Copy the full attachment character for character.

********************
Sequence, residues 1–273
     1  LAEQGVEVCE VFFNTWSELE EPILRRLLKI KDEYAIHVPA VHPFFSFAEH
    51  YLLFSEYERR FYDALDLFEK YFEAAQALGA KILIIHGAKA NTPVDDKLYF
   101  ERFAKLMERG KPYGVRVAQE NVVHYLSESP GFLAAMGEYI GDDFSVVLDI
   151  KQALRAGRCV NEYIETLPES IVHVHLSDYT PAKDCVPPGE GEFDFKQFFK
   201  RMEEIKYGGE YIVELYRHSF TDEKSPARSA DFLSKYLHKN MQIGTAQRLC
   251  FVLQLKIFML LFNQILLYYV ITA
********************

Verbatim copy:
Sequence, residues 1–273
     1  LAEQGVEVCE VFFNTWSELE EPILRRLLKI KDEYAIHVPA VHPFFSFAEH
    51  YLLFSEYERR FYDALDLFEK YFEAAQALGA KILIIHGAKA NTPVDDKLYF
   101  ERFAKLMERG KPYGVRVAQE NVVHYLSESP GFLAAMGEYI GDDFSVVLDI
   151  KQALRAGRCV NEYIETLPES IVHVHLSDYT PAKDCVPPGE GEFDFKQFFK
   201  RMEEIKYGGE YIVELYRHSF TDEKSPARSA DFLSKYLHKN MQIGTAQRLC
   251  FVLQLKIFML LFNQILLYYV ITA